Irrelevant. The money that is spent on that is pennies compared to what they get from sales.(and not every game has customer support btw) It does not justify, at all, the blocking of used games. Consumers who actually use customer support -> 0,0001% of the buyers. Besides, used games do pay more than enough money to get customer support. See dlc sales. Many people who buy used actually get a lot of the dlc because they fot the game for cheap. Used game blocking is a solution for a inexistent problem. The problem with the industry is unrealistic expectations and budgets. If Tomb Raider, from a franchise that has long lost its importance, sells 3 millions in a month and it is deemed a failure........ believe me, the problem is not in the used games. Furthermore, EA,Ubisoft and Sony, all recently spoke against used game blocking.

Okay, y'know what, I know a couple-dozen people have already said this, but I'm just gonna' go ahead and say it again, since it really is worth repeating on the off-chance Cliffy, or some other industry head-honcho reads this thread;

You cannot have game and marketing budgets this high while also having used and rental games existing,

THEN LOWER YOUR GODDAMN BUDGETS THEN!!!

Captcha: stony-hearted
That I am, captcha, that I am.

FizzyIzze:
Dear Fiscal Cliff,

I played about 2 hours of Gears of War and was bored the entire time. What I did like was Knights of the Old Republic, which I purchased USED because by the time I tried it out it was no longer on shelves. Guess what? I loved it so much I purchased KotOR II brand new. Which in turn led to:

(All new, none used)
Mass Effect (twice)
Dragon Age Origins
Dragon Age Origins Awakenings
Mass Effect 2 (twice)
Mass Effect 3

Used game sales can in reality, lead to new game purchases--because that's what I fucking did. Apologies that I refuse to support the crap shooters that are released, invariably, every year.

Unfortunately, Mr. Bleszinski seems to have bought into the mainstream gaming industry's primary equation: (budget x hype) = sales. There's no room in there for understanding how customers think, no comprehension of stories like yours; in their minds, even if gamers buy and hate GenMilShoEMU (Generic Military Shoot-Em-Up) 2, if GenMilShoEMU 3 comes in a slick-enough package with enough whiz-bang commercials and Mountain Dew / Doritos contests, those gamers will buy it anyway. And they believe that, without the ability to buy the game used or rent / borrow it, those same gamers will buy it on release day for full price.

These beliefs are wholly divorced from reality- sorry, Cliffy, but if I think your $60 is only worth $20, I'll either wait until it goes on sale or just not buy it at all- and another sign that the mainstream gaming industry is bound and determined to dig its own grave.

frizzlebyte:

Lunar Templar:
I know he's worked in the games industry a long time an all, but he's still managed to some how NOT know what the fuck he's talking about.

it's admirable in a way, and sad in another.

the only reason costs are so high is because of one thing they have control over, marketing, pretty much every one save a few devs have let it get so out of had we hear things like 'Dead Space needs to sell 5 million to stay viable' and this asshole is part of that problem.

If they didn't spends millions upon millions more then they needed to on marketing, for games most people have already made up there minds on no less, no one would even care about 'the evils of used games'

Actually, I don't find it admirable at all, just sad.

It's not just marketing that makes it overly expensive. Among other things, it's the idea that you need "top-tier" graphics in order to make a successful game. If a game were kick-ass in the first place, it wouldn't matter if each character had physics calculations determining where each bloody *strand* of hair should fall on their shoulders when they walk or fire a gun.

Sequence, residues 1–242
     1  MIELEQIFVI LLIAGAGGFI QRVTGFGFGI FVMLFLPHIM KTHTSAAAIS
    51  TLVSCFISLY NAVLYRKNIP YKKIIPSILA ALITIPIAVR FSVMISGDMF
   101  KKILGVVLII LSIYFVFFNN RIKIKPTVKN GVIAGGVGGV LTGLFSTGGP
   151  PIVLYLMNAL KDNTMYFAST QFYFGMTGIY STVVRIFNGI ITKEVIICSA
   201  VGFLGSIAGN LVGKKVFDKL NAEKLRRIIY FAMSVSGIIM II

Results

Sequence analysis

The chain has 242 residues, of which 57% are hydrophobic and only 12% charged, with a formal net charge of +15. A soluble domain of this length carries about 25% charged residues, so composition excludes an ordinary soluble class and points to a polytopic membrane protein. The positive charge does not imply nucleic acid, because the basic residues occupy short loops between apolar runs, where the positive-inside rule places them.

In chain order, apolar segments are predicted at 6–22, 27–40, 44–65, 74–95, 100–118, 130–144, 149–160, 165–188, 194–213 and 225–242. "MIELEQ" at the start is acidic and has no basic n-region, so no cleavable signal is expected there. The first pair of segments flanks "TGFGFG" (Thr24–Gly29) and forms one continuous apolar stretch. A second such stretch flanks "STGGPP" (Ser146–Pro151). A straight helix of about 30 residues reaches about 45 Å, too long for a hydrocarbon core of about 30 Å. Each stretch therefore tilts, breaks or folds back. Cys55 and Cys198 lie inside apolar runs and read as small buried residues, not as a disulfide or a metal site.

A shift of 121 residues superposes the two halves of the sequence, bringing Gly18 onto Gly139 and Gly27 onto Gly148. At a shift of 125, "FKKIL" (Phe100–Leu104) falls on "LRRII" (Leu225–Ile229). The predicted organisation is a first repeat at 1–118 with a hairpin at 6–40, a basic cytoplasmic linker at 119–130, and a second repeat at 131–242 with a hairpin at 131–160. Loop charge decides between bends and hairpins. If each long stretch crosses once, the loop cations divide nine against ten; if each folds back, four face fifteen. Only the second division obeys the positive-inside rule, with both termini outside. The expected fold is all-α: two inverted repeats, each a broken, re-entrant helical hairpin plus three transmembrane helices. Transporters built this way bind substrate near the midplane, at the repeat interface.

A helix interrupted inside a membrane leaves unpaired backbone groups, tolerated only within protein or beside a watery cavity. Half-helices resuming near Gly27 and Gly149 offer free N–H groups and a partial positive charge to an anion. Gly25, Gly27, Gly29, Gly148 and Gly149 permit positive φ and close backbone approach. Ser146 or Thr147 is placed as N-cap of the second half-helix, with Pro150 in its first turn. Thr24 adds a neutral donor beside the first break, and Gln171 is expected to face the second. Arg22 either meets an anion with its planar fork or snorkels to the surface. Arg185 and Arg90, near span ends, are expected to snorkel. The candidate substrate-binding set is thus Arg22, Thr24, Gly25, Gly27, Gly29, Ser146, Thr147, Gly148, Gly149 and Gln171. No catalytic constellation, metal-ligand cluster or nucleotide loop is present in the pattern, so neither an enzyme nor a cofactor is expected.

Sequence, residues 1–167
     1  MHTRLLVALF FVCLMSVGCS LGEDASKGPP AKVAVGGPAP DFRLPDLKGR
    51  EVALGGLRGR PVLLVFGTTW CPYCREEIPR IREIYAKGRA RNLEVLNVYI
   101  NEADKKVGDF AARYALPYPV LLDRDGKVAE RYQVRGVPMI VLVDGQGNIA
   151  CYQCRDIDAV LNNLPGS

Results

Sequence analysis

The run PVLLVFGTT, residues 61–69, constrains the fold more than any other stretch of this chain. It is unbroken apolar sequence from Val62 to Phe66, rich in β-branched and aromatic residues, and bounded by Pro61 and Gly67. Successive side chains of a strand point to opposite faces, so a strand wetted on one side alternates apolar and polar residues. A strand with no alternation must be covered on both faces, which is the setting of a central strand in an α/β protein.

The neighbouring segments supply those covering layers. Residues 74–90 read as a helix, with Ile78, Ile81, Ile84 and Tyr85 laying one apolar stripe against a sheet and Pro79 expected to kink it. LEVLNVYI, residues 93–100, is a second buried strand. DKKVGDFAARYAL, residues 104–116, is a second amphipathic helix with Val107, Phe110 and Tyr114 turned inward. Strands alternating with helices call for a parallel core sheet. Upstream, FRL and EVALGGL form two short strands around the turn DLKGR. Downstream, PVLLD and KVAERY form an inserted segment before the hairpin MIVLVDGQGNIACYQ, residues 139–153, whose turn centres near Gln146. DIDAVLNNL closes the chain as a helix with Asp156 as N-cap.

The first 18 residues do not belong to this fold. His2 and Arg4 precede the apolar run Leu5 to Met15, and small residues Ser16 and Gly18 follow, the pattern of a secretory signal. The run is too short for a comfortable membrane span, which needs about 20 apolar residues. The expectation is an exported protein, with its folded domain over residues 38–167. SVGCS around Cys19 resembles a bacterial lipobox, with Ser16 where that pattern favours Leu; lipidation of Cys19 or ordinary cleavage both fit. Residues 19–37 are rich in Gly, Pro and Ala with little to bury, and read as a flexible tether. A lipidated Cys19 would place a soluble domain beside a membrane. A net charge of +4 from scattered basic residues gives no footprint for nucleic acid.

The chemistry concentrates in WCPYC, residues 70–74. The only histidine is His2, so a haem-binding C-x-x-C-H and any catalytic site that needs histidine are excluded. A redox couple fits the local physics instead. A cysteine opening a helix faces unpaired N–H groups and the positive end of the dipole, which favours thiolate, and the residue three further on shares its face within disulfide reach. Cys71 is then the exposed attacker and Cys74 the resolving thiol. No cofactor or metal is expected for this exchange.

I knew I was forgetting something when I hammered that out, so thanks for the correction.

I think I know of a simple solution, don't have games cost bajillons of dollers just so they can look slightly prettier.

I seriously don't think people understand that CliffyB's favorite past time especially since retiring is trolling people on tweeter.

So Sony is straight up lying? Evidence please.

Steven Bogos:
Cliff "CliffyB" Bleszinski: "You cannot have game and marketing budgets this high while also having used and rental games existing,"

Now Mr. B, I would like to review some of these basic concepts. Which part of that equation do you control? That's right, the budgets. Now which part don't you control? Good, the used and rental games. So which part should you be trying to change? ...

I think I'll sign you up for the remedial lessons.

Wait? Who's being played? Cliffy B's argument is entirely circular, in that the massive costs for these games is mostly extraneous to the games themselves, ie it is the marketing, PR, licensing, etc which racks up the expenditure. That's not to mention to huge salaries going to upper management in many of these companies. They are certainly not feeling the pinch. If these extravagances and inefficiencies were cleared up, games would be significantly less expensive to put out there.

And after all, marketing is only a method of inviting sales through appeals to sheer popularity, NOT the actual worth of the product itself. A brilliant game need not have billions wasted in advertising, gifts and travel for journalists and PR, huge parties, cross media promotions and so on, for it to sell well. Sales targets are therefore largely to recoup the costs of selling, not creation and manufacture. It's as ass backwards and circular as Cliffy B's argument.

Also, just a thought about the home video industry, which seems to be doing OK without resorting to the destruction of consumer property rights, sharing and second hand. Most movies cost significantly more to put out there than a video game. Perhaps, if Cliffy B wanted to think outside the box, he'd offer alternatives which mirror the 'Box Office' period of any film's release, which is when those films tend to recoup much, if not all of their costs.